In the heady days since Anthony Kennedy unearthed a constitutional right for Americans “to define and express their identity,” the extravagance of the Supreme Court’s claim has taken some by surprise. It shouldn’t have. In finding for same-sex marriage the way he did, Justice Kennedy made official what he made inevitable a quarter-century back.
That was in 1992. The occasion was a Supreme Court decision on abortion into which Mr. Kennedy inserted a new definition of liberty. Where Thomas Jefferson had grounded human liberty in self-evident truth, Mr. Kennedy holds that the mere self suffices.
“At the heart of liberty,” he wrote, “is the right to define one’s own concept of existence, of meaning, of the universe, and of the mystery of human life.”
Now he has followed through. In Obergefell v. Hodges, the court substitutes for the laws passed by the people acting through their state legislatures a new constitutional right to “dignity” based on the court’s “better informed understanding.”
Back when poor Harry Blackmun in Roe v. Wade established a right to privacy that likewise appears nowhere in the Constitution, he wrote under the conceit that his decision would resolve the issue once and for all. Instead, his 1973 ruling launched the culture wars.
Obergefell is Roe on steroids. Roe legalized a market for abortion for those who wanted them and those who provided them. It was qualified by conscience protections plus riders attached to federal legislation greatly limiting the use of taxpayer dollars to underwrite the practice. So Roe didn’t demand much of those on the other side—or on the sidelines.
Obergefell is another thing altogether. In one of the great flimflams of American life, it is a prescription for endless litigation smuggled in under libertarian clothing. This began with the opening question put to all those who held the classic view of marriage: What can it possibly matter to you, they were asked, if two men or two women who love each other call their relationship marriage?
We learned that it matters a great deal.
It matters to Brendan Eich, who was forced to resign last year as CEO of the company he co-founded after it became public that he had donated $1,000 to Proposition 8, the successful California ballot measure banning same-sex marriage.
It matters to Chick-fil-A, which in 2012 saw the mayors of Chicago and Boston declare the restaurant chain had no place in their cities because its chief executive held the same view of marriage that Barack Obama held until very recently.
It matters to Catholic Charities, which in several states has been forced out of the adoption business either because the charity does not offer same-sex spousal benefits or declines to place children for adoption with same-sex couples.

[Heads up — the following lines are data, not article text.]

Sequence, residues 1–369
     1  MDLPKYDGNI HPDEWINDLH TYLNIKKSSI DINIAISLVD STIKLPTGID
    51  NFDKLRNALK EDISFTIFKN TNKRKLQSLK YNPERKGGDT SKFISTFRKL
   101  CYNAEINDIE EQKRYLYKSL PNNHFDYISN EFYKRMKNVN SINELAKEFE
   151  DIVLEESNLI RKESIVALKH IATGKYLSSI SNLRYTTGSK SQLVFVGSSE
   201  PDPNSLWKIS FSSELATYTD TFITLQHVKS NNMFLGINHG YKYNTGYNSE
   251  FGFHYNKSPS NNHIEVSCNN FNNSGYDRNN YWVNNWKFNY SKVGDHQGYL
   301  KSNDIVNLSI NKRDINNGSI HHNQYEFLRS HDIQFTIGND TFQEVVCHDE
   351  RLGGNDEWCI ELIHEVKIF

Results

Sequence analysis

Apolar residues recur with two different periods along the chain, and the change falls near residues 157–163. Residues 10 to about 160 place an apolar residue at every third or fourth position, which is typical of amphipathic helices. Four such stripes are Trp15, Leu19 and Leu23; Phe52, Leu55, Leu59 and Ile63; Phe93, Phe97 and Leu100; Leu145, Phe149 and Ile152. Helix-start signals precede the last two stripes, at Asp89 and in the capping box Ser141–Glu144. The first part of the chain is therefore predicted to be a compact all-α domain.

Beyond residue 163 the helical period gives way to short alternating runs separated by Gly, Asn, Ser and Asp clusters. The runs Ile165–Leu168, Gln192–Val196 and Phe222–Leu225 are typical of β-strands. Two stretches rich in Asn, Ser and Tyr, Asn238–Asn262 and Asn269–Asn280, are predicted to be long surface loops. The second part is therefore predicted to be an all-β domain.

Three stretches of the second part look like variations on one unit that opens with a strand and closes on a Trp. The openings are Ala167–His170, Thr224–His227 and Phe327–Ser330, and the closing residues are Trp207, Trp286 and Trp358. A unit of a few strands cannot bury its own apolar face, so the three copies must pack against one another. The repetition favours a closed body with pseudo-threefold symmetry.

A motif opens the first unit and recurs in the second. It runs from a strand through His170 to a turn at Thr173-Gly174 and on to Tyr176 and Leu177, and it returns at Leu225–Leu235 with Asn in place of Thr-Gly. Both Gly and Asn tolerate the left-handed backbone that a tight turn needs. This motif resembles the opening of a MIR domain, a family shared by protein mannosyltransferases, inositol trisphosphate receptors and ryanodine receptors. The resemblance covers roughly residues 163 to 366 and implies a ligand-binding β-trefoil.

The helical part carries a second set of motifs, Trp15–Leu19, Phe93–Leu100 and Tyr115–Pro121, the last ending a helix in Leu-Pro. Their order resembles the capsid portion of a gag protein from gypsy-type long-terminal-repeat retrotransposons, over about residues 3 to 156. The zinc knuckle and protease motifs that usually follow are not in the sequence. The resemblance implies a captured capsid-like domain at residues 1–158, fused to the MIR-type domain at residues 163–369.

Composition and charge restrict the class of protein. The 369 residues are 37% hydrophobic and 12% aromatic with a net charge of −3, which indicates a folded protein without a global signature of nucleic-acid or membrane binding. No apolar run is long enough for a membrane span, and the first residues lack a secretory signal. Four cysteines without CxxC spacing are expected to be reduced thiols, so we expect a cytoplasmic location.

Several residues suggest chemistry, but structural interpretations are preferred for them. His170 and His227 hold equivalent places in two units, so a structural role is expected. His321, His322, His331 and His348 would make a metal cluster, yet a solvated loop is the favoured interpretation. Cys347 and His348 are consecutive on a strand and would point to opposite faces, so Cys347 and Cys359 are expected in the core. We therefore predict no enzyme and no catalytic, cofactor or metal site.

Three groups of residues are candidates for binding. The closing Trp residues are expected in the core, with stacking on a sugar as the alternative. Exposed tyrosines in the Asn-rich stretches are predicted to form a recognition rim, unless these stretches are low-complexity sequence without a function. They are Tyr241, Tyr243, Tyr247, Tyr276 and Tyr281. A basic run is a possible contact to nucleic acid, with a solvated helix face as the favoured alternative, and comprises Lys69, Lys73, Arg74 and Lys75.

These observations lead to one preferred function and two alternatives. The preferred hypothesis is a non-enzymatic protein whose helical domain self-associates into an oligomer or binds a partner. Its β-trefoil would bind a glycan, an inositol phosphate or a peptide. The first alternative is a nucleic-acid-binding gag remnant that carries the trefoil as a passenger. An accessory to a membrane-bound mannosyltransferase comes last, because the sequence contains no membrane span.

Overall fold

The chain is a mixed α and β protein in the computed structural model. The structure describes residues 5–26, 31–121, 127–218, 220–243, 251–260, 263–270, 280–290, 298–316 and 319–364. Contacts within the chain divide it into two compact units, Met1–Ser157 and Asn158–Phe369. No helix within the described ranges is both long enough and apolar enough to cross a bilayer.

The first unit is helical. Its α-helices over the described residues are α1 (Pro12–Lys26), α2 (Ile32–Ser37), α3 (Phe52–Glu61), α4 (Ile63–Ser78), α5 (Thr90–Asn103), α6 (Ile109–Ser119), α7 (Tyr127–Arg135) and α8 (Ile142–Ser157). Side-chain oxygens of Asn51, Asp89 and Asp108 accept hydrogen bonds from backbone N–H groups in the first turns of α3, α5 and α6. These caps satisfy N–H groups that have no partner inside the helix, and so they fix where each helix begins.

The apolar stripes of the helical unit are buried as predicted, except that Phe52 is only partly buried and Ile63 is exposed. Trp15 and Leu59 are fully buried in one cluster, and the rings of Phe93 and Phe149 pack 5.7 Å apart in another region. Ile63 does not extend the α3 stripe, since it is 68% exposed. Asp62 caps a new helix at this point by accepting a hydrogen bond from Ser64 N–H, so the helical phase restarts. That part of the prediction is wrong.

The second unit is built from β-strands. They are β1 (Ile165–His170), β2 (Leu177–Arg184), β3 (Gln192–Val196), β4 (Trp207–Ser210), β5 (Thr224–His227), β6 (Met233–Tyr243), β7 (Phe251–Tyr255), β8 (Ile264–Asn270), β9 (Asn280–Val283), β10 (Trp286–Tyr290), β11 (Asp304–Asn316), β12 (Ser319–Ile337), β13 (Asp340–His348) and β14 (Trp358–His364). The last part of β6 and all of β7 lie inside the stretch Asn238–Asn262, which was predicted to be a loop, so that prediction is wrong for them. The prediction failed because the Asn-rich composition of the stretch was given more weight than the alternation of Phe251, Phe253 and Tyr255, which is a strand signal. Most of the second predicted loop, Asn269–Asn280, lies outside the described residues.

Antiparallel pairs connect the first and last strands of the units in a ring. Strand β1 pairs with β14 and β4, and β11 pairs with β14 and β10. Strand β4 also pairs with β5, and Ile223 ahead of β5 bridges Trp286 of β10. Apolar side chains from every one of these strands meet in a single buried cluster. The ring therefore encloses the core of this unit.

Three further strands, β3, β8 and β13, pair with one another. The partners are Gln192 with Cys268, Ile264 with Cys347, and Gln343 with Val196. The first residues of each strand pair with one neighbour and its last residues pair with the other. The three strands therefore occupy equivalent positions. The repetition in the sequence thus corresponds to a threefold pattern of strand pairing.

It matters for cake bakers, photographers, florists, jewelers and pizza-parlor owners who happily serve gay customers but draw the line at assisting gay weddings.
Finally, it matters to all religious schools and religious institutions. Give the Obama administration its due: The president’s solicitor general admitted during the Obergefell oral argument that a victory for same-sex marriage would put the tax-exempt status of such institutions on the chopping block.
The reason for all this is that the right for men to marry men or women to marry women is only half of the equation—and not even the most important half at that.
The other half involves antidiscrimination statutes and regulations, not to mention the discretion of federal, state and even private bureaucracies regarding everything from funding and accreditation to tax exemption.
In short, there is nothing live-and-let-live about the way this movement has operated the past few years, and to pretend otherwise requires a willful blindness. Now, with Obergefell, the full furies have been released.
As Justice Samuel Alito suggested in his dissent, thousands of Americans who never dreamed that the issue would affect them will soon get highly personal lessons in how the legalization of same-sex marriage by judicial fiat threatens their schools, their institutions and even their livelihoods. This is not your father’s culture war.
A century ago, another Supreme Court justice famously wrote that the Constitution “is made for people of fundamentally differing views.” How far we have traveled since.
Those seeking to crush all dissent from the new judicial orthodoxy on marriage will not always win, not least because the right to the free exercise of religion—in bald contrast to Mr. Kennedy’s right to dignity—is in fact in the Constitution. Still, however individual cases may turn out, by foreclosing the option for democratic debate and compromise the Supreme Court has ensured a bitter national harvest.
Welcome to Justice Kennedy’s world. Where upholding the Kennedy definition of liberty—the right to define your own truth—turns out to mean denying that same right to millions of Americans who define marriage and truth in a way different from his.